1. Evidence of Conspiracy to Possess with Intent to Distribute
In challenging their convictions for conspiracy to possess with intent to distribute crack cocaine, appellants assert either that they were only buyers and sellers or that if there existed any conspiracy at all, there existed multiple conspiracies.
To establish a drug conspiracy under 21 U.S.C. § 846, the government had to prove that an agreement existed between two or more persons to violate the narcotics laws, that each alleged conspirator knew of and intended to join the conspiracy, and that each one voluntarily participated. United States v. Inocencio, 40 F.3d 716, 725 (5th Cir. 1994). A conspiratorial agreement may be tacit and may be proved by circumstantial evidence, including evidence of concerted action among co-conspirators. Id. Although mere presence at the scene of the crime is not sufficient by itself to authorize a conviction, the jury may consider that fact together with other evidence of guilt in reaching its verdict. United States v. Parrish, 736 F.2d 152, 157 (5th Cir. 1984).
The evidence to support the verdict of a single conspiracy is plentiful and painstakingly documented. As has been stated, Travis, Darin, and Elder were the main crack cocaine suppliers in Mud Alley during the conspiracy's time frame of March 1989 to June 1996. They supplied crack to appellants Pearson, Charles, Kevin, Joe, Sylvester, Alfred and Bonner, who in turn sold it via street sales or car runs. Travis retrieved crack from Gracie's business, and Gracie sold crack supplied by Travis. Appellants shared the same motive distribution of crack cocaine for financial gain -- and were dependent upon one another for the success of the venture -- warning each other of police activity and referring customers to each other when unable to supply customers themselves. Interconnecting family relationships also support the inference of a conspiracy. We will not burden this opinion with sale-by-sale recitation of appellants' involvement. In sum, the appellants' concerted action to run an open-air market for crack cocaine in Mud Alley belies their claim of individual buyer-seller relationships. Further, the district court instructed the jury on appellants' claim of multiple conspiracies, enabling the jury to choose which theory better suited the facts. There is no basis to disturb the jury's choice.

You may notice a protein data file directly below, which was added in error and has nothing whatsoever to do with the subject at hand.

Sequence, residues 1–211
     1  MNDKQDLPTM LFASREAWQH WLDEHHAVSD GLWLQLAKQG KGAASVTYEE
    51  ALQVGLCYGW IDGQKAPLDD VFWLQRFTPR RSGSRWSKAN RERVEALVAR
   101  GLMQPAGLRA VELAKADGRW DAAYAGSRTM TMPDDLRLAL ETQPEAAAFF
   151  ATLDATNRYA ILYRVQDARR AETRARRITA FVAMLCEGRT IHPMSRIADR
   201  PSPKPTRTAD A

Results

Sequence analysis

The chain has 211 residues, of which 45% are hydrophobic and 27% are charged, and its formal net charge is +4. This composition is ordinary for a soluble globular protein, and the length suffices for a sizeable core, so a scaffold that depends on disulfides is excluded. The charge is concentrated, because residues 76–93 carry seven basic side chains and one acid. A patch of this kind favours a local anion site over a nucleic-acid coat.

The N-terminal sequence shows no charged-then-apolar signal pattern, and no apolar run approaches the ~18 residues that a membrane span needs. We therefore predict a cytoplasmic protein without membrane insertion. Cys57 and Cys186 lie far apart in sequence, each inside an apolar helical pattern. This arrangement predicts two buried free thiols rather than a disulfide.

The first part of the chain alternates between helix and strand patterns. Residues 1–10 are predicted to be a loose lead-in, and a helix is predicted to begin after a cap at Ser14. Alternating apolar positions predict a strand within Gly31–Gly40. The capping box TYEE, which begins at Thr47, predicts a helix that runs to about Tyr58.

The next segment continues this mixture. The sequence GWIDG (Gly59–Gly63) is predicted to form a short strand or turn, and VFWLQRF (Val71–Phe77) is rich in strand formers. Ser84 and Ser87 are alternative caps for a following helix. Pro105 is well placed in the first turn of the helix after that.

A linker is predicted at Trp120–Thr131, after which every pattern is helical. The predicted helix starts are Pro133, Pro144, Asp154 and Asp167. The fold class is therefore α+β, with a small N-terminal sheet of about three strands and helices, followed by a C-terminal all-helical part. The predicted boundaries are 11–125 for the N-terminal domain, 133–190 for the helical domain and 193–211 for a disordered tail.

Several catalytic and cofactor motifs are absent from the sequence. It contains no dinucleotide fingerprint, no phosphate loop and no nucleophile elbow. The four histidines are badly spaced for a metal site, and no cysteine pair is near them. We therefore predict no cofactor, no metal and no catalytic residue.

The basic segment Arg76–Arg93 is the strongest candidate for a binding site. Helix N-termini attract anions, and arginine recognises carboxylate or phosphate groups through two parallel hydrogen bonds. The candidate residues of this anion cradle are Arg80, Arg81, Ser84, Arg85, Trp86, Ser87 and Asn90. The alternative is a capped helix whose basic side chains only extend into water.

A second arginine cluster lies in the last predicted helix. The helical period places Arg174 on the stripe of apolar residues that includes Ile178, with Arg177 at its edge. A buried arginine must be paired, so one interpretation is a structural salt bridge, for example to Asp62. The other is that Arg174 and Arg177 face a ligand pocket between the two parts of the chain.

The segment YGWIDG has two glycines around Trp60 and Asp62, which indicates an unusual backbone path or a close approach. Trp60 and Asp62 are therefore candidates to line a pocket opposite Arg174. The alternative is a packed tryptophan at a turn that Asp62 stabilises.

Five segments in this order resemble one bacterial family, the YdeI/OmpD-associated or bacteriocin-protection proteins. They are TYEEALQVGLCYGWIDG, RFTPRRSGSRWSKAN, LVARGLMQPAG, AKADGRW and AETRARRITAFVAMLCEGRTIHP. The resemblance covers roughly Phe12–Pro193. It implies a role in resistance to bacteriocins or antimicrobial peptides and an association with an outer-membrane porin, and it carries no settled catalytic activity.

Alfred, Gracie, Joe, and Charles argue that there was insufficient evidence to support their convictions for distribution of crack cocaine. Illegal distribution requires proof that the defendant (1) knowingly (2) distributed (3) the controlled substance. See United States v. Sotelo, 97 F.3d 782, 789 (5th Cir. 1996); see also 21 U.S.C. § 841(a) (1). The statutory definition of "distribute" is to deliver, other than by administering or dispensing, a controlled substance. 21 U.S.C. § 802(11). The term "distribute" is broader in scope than the term "sale", see United States v. Workopich, 479 F.2d 1142, 1147 n. 6 (5th Cir. 1973), and is defined broadly enough "to include acts which perhaps traditionally would have been defined as mere aiding and abetting." United States v. Oquendo, 505 F.2d 1307, 1310 n. 1 (5th Cir. 1975).
Evidence of specific transactions supports these appellants' convictions for the distribution of crack cocaine. For instance, Agent McDonough testified that Charles distributed crack to her in a hand-to-hand sale on May 31, 1995 (Count 8). Agent McDonough and Informant Mendez testified that on May 31, 1995 they went to Mercy Randle's house where they asked to buy crack from Joe, Mercy's son. Joe did not have any but, accompanied by Mendez and Agent McDonough, he obtained the crack cocaine from a Mud Alley location and provided it to McDonough, who paid Joe about $100 (Count 7). Agent McDonough testified that on May 31, 1995 she and an informant bought $100 worth of crack cocaine from Gracie at "The Freeze," Gracie's place of business (Count 6). Agent Johnson testified that Alfred sold him crack cocaine. (Count 5). Notwithstanding appellants' protestations, the jury could easily have credited the government's witnesses in these dealings.
3. Evidence of Aiding and Abetting Distribution
Travis, Alfred, and Sylvester contend that there was insufficient evidence to support their convictions for aiding and abetting in the distribution of crack cocaine. To support aiding and abetting convictions, the government had to prove that the appellants associated with a criminal venture, participated in it, and sought by their actions to make the venture succeed. United States v. Holley, 23 F.3d 902, 908 (5th Cir. 1994). On May 9, 1995, according to cooperating codefendant Andre Johnson and Agent Porter, Travis aided and abetted Andre in selling $500 of crack cocaine to DEA Agent Porter and informant K-9; among other things, he and Andre discussed whether Porter was a police officer. (Count 4). And on July 13, 1995, Agent Porter and a confidential informant purchased cocaine at Sylvester's house near Mud Alley. Sylvester received the informant's money but, because he was unable to deliver the full agreed amount of crack, Sylvester dispatched Alfred on two trips to obtain the rest of the crack. The government's theory, supported by the evidence, was that Sylvester and Alfred aided and abetted each other. (Count 10).